The Senate votes this week on the Rudd Government’s alcopops legislation with all eyes on Senator Steve Fielding.

Last week, Fielding joined the Liberals and Nationals to sink the government’s package to reform the murky world of political donations and he may join with his natural political allies to halt the excise hike on the ready-to-drink (RTD) spirits industry in the next few days.

Since Health Minister Nicola Roxon introduced the legislation in April last year, more than $290m in revenue has been collected by the Commonwealth. If the Senate rejects the Bill, the collected excise will have to be returned to the major distillers and their distributors, leaving a gaping hole in the government’s revenue base.

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The powerful spirits industry has mounted a fierce lobbying campaign to persuade senators to reject the tax increase which has already raised the price of RTDs and led to a 30% across-the-board drop in sales.

But the industry’s case has been weakened by mixed messages over what it will do with the tax if it is repaid. A public relations impression has been created that the industry will devote any refunded money to education campaigns to prevent the misuse of alcohol and not put into corporate coffers to boost the bottom line.

The Distilled Spirits Industry Council of Australia has retracted an earlier statement that members did not want the money back if the legislation fell over in the Senate. The change of tune followed an announcement by one of the council’s members, Bacardi Lion, that it had decided to seek a refund.

Another major industry player has also been ambiguous. Independent Liquor, owned by the private equity group Pacific Equity, has “reserved” its position on the possible windfall refund from the Australian Taxation Office, while admitting that in its 12 years in existence it has not spent any funds on alcohol-related causes.

The Senate has long been a fertile hunting ground for the spirits industry. Two former senators, Andrew Murray (Australian Democrat) and Paul Calvert (Liberal), were both inducted into the industry’s elite club, ” The Keepers of The Quaich“, at a ceremony held in 2006 at Blair Castle in Scotland when both were servants of the upper house, Calvert as Senate President.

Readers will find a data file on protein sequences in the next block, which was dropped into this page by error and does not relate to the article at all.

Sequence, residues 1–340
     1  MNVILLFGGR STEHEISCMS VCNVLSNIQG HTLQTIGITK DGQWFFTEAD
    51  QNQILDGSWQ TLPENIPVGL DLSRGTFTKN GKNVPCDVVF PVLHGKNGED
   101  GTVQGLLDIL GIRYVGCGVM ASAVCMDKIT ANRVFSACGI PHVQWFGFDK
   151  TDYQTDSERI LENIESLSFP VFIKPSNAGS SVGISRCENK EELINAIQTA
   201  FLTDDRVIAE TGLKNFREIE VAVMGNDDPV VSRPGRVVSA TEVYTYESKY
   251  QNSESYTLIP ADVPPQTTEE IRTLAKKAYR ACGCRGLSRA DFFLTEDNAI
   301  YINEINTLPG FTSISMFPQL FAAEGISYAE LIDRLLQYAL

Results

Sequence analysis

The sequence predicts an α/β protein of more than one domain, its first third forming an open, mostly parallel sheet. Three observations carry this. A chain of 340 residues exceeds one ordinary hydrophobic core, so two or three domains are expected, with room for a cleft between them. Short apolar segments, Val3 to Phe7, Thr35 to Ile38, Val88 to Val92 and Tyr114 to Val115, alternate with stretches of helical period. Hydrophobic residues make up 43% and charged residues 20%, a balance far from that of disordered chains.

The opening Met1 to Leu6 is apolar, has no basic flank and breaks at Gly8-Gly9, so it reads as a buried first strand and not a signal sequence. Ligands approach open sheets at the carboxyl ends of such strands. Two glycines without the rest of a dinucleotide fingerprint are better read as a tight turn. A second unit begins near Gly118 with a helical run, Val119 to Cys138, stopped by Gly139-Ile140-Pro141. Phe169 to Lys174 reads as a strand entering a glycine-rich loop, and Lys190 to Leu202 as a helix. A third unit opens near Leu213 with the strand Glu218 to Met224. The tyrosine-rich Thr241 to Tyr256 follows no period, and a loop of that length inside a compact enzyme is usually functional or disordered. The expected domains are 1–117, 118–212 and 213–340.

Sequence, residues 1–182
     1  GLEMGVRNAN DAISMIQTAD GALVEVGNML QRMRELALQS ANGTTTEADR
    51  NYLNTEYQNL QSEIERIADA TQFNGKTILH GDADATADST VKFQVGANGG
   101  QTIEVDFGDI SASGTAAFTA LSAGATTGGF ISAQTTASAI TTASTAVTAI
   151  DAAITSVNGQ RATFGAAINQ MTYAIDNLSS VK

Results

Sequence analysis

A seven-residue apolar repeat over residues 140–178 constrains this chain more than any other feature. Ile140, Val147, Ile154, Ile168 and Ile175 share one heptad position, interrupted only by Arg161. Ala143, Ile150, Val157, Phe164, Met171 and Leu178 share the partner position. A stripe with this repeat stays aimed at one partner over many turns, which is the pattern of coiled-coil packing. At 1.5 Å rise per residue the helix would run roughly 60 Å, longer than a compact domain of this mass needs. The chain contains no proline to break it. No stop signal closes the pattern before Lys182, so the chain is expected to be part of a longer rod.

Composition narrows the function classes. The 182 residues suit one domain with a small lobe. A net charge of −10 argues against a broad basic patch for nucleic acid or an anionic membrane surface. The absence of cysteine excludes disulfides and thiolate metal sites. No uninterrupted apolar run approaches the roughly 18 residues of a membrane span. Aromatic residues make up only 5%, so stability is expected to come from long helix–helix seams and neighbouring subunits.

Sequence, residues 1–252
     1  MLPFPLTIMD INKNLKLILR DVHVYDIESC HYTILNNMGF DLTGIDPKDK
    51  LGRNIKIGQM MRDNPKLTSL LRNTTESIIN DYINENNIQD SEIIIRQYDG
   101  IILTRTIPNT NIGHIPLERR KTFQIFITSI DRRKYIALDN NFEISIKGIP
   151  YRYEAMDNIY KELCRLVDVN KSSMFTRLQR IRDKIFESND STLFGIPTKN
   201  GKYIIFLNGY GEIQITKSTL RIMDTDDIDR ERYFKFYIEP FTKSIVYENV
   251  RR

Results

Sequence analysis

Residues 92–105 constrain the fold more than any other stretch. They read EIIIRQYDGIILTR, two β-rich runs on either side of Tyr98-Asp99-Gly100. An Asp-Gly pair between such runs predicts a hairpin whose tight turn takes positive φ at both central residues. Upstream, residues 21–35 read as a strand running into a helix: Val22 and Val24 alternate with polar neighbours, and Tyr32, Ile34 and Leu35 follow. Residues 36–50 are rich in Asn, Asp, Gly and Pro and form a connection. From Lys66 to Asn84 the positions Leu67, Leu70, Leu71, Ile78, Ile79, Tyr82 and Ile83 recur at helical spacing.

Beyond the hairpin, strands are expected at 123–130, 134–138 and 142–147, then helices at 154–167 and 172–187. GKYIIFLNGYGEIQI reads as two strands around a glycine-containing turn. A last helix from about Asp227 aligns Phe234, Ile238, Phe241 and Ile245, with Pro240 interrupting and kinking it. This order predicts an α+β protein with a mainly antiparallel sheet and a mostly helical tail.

Inductees at “The Keepers of the Quaich” ceremony in 2006: Standing back row from the left: Gordon Broderick, head of the the Distilled Spirits Industry Council of Australia (DSICA) and Democrat Andrew Murray, now retired.

They were nominated for membership by Gordon Broderick, DSICA’s executive director. The Quaich is described as “an exclusive society … with membership by invitation only” which was established 20 years ago to “reward individuals for their services to the Scotch whisky industry”.

It would be interesting to know how many Australian senators or MPs have been inducted as “Keepers” over the years, but that is not widely available.

Since leaving parliament, Murray has pursued his interest in the liquor industry (before politics he owned a bottle shop) and generously offered to write an alcohol tax submission to Ken Henry’s Tax Review on behalf of a coalition of leading health groups.

In his original draft submission, Murray called for the removal of a 5% tariff on alcopop imports and made no mention at all of a special tax on the high alcohol drinks which have been causing health havoc among binge drinkers, particularly young women.

Naturally, the health groups weren’t impressed and they have now stepped up their own lobbying in advance of this week’s critical vote.

This is the final sitting week before the May Budget. The government must get its anti-binge drinking legislation through this week or the legal protection covering the collection of the tax will collapse.

Last orders, please, the senate bar is about to close.

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Peter Fray
Peter Fray
Editor-in-chief
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